Harvey the Jack Russell terrier lives in Dublin with his owner Padraic Walsh
Getting a dog wasn’t at the forefront of my mind in the winter of 2019. I was grieving the death of my brother, who had passed the previous June. He had hung in for longer than anyone expected with a wretched type of cancer — the type that smashes your life into pieces, then slowly takes those pieces away. The grief, mixed with the trauma of witnessing this, meant it had been a long few months.
My wife encouraged a trip to the Dublin Society for the Prevention of Cruelty to Animals (DSPCA) to see what type of dogs they had. Initially reluctant, I agreed just to visit. However, within 20 minutes of arriving, we were filling out a form to adopt a little Jack Russell. He was found wandering around a Harvey Norman car park a few weeks prior, which is where he got his name, Harvey. Despite being in the excellent care of the DSPCA, Harvey was still underweight and extremely nervous around people.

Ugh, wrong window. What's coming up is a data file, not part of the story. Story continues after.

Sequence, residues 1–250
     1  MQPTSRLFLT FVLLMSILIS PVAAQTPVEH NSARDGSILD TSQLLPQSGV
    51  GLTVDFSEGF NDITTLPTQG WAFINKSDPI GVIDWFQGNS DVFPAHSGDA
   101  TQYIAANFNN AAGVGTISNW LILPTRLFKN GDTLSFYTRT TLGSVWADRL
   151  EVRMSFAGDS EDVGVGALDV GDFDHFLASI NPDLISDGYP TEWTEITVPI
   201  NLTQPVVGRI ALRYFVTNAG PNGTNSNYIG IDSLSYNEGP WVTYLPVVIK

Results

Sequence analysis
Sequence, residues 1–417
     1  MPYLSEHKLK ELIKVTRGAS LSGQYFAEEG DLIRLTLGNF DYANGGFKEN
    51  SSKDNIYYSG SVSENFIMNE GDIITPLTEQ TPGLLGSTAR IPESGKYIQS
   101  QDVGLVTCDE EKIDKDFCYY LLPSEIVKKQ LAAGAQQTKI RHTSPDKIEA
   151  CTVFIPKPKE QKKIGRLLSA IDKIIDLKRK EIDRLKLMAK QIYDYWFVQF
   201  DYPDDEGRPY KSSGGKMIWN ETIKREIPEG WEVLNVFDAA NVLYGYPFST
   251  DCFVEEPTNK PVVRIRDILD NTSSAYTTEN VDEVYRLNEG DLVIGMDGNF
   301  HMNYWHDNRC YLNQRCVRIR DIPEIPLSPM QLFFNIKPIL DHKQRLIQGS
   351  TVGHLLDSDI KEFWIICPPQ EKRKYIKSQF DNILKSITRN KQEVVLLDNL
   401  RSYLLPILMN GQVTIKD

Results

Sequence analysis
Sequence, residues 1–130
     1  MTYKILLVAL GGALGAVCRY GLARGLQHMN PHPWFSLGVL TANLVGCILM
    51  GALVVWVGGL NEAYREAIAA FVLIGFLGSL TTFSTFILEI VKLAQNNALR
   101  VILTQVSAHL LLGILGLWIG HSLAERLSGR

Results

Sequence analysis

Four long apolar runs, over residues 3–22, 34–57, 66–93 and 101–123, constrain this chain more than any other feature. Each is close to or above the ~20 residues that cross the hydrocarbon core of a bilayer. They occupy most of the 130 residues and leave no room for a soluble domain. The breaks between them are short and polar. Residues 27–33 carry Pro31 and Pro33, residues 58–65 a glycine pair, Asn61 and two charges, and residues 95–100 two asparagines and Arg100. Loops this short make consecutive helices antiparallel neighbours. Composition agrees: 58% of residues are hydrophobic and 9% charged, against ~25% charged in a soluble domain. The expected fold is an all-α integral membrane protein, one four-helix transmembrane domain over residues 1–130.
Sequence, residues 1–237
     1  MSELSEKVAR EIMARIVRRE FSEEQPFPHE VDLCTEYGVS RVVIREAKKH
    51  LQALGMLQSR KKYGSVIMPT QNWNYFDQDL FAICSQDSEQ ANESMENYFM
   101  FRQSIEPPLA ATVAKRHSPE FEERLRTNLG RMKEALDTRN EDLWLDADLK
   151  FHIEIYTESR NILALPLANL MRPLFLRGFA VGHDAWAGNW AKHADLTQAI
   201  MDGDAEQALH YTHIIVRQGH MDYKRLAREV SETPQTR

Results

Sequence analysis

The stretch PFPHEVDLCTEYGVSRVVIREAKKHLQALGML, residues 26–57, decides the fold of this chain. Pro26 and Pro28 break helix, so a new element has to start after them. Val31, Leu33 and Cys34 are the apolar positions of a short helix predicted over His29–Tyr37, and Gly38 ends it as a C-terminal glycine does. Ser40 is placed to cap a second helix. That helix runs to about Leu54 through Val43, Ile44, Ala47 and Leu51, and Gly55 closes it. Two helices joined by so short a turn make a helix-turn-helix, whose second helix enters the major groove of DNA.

A week later, we brought him home. It took time for him to truly relax and for us to earn his trust. Once he did, he became very much attached to us. I would tell people we met that Harvey was a rescue dog but, in truth, he was rescuing me from a heavy burden of grief. My wife often jokes that he’s my therapy dog.
Every morning that winter — and ever since — I’d sit down to put on my shoes to bring Harvey out for a walk. He’d jump up on my knees to be rubbed and encourage us both to get moving. In the evenings, he would stretch out on our laps on the couch and he quickly became a very spoilt dog! We often talked about making boundaries and rules but these were invariably short-lived.
Today, Harvey’s still dragging us around our neighbourhood and we’re still meeting people we would never had met if it wasn’t for him. Harvey taught us to put one foot in front of the other, whether times are good or bad. For that alone, he’ll always be our best friend.